Don’t you love it when liberal, New York Times Democrats give advice to the Republican Party on how it can be more successful?

Don’t you think it comes right from the heart?

And don’t you love it when Republicans believe the advice is actually sound?

Here’s the latest example – a column in what was once seriously referred to by some as “the newspaper of record.”

Written by Thomas B. Edsall, it was headlined, “Has the GOP Gone Off the Deep End?”

You can guess how Republicans have gone off the deep end – by being too conservative, or, as Edsall characterizes it, “extreme.”

Republicans got this way, Edsall explains, because they listened to Rush Limbaugh.

To make his case for this thesis, Edsall uses an interestingly deceptive time line, quoting an essay written by Mark Rozell, the acting dean of the George Mason University School of Public Policy, and John Paul Goldman, a former chairman of Virginia’s Democratic Party: “Since Rush Limbaugh’s 1992 bestseller ‘The Way Things Ought to Be,’ his conservative talk show politics have dominated GOP presidential discourse – and the Republicans’ White House fortunes have plummeted. But when the mainstream media reigned supreme, between 1952 and 1988, Republicans won seven out of the 10 presidential elections.”

Now hold on here.

While I have no doubt Rush Limbaugh’s two books were very influential in shaping the ideas of millions of Americans who read them, he is first and foremost a radio talk-show host. In fact, he has been the No. 1 radio talk-show host in the nation almost from the day his national show went on the air. That was 1988. So why does Edsall start his presidential election scorecard in 1992? You know why. Because, if you start counting presidential elections in 1992, the scorecard is 4-2 Democrats, which looks bad. But if you start in 1988, the score is 4-3 Democrats, which doesn’t make the case very convincing.

But there’s something else Edsall leaves out of the equation: GOP presidential candidates grew increasingly liberal beginning with George H.W. Bush in 1988 through 2012. Just remember, it went from Reagan in 1980 and 1984 to Bush, Bush, Dole, Bush, Bush, McCain and Romney. Is someone going to tell me the trouble with McCain and Romney was they were “extreme” right-wingers?

Let’s take a look at the progression of Democratic presidential candidates going back a little further in history. Start with John F. Kennedy. He won election in 1960 by running to right of Richard Nixon. He was a tax cutter and stood for self-reliance and a strong defense. He successfully tied Nixon, then vice president, to the policies of Dwight Eisenhower, which he correctly labeled as appeasement to the Soviet Union. He emphasized what he called the narrowing “missile gap” that Moscow was closing by building more nuclear weapons than the U.S. He pledged to cut taxes, which were at an all-time high during the campaign – and he did dramatically when he took office, with some of the best supply-side rhetoric heard until Ronald Reagan came along 20 years later.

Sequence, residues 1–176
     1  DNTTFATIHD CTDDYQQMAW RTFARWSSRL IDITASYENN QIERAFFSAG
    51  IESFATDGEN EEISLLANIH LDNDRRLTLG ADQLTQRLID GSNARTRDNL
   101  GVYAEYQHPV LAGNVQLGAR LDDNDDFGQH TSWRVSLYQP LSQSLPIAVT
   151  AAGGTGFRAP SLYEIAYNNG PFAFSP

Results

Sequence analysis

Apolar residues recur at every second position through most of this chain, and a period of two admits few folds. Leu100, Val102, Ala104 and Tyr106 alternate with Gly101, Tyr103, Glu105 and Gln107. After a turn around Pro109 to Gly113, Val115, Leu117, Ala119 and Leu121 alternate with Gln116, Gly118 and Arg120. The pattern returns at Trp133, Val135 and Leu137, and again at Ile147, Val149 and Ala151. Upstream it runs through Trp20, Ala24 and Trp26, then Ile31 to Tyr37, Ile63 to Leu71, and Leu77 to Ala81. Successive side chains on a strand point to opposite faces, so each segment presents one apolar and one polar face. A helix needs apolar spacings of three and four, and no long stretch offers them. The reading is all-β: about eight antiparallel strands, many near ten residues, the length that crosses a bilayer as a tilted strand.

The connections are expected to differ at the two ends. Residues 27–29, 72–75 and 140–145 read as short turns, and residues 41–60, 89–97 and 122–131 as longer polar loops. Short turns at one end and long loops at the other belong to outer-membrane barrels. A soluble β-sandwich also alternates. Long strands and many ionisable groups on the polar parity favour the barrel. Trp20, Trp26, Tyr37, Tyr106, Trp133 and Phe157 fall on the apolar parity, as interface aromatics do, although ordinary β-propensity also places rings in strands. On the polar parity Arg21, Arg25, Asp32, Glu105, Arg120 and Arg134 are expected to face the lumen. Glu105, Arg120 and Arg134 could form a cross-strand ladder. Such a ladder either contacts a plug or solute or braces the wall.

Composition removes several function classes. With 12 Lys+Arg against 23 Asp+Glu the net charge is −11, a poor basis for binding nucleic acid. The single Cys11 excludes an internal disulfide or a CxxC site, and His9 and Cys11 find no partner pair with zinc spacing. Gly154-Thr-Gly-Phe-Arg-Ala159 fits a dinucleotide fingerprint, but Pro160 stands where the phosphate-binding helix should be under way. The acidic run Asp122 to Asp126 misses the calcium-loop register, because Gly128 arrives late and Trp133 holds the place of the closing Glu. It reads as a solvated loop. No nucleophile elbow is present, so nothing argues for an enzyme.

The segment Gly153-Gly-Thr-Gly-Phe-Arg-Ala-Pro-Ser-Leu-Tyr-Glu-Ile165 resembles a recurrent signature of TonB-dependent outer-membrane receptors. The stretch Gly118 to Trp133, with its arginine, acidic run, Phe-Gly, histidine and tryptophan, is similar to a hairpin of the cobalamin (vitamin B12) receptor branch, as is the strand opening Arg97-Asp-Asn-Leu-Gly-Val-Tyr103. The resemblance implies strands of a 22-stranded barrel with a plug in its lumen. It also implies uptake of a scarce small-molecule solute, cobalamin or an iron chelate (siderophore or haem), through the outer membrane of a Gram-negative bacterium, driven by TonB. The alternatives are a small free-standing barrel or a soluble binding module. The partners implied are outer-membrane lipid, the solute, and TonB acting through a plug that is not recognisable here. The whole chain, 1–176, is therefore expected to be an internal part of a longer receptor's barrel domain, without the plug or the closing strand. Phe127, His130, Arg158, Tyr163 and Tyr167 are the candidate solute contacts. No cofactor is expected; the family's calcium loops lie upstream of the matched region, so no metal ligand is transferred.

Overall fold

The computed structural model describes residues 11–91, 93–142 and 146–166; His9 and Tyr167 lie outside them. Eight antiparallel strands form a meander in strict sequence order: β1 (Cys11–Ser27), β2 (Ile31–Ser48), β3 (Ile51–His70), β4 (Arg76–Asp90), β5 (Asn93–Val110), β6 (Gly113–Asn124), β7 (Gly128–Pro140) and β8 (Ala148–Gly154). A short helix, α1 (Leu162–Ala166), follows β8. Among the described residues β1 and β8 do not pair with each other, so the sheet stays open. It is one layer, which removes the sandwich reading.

Kennedy was succeeded by Lyndon Baines Johnson – more in the Franklin Roosevelt mold – and the “Great Society.” He was a one-term president as a result of his spending and his escalation of the Vietnam War, which he attempted to micro-manage from the White House.

Nixon beat Johnson’s vice president, Hubert Humphrey, when Johnson bowed out of the race in 1968. Nixon campaigned as a conservative, but he was not one – not by a long shot. Fortunately for Nixon, he ran against George McGovern in 1972 – the first of a long line of ultra-liberal nominees who would make Roosevelt and Johnson blush if they were capable of it.

Then came Jimmy Carter, who ran as a moderate, but governed as a hapless liberal who blamed Americans for the desperate economic straights the country found itself in under his leadership. His policies of defeatism and gas lines opened the door for two terms of Reagan and recovery.

But Republicans didn’t get the message. They began fielding candidates who couldn’t carry water for Reagan. They saw him as some kind of aberration. The GOP establishment fell back into its old habit of nominating “insiders” or “establishment” candidates who had difficulty articulating their differences in philosophy from Democrats – mostly because they didn’t have very many.

However, if you’d like to believe the reason Republicans have had such a hard time winning the White House since Reagan is because they have been too much like Reagan, or, as Edsall contends, are more extreme than Reagan, you are not likely to be convinced by actual history.

And if you choose to believe that liberals like Edsall are giving free advice to Republicans because they honestly want them to win more presidential elections, then you are what one of those people Rush Limbaugh accurately characterizes as “low-information voters.”

But, even worse, if you are one of the Republicans who believes that Edsall’s thesis is accurate, I’ve got news for you – you’re in the wrong party.

Jerome Corsi’s latest book offers a spot-on analysis of the GOP’s failure in 2012 and a way the party can reverse its path toward oblivion: “What Went Wrong?: The Inside Story of the GOP Debacle of 2012 and How it can be Avoided Next Time”


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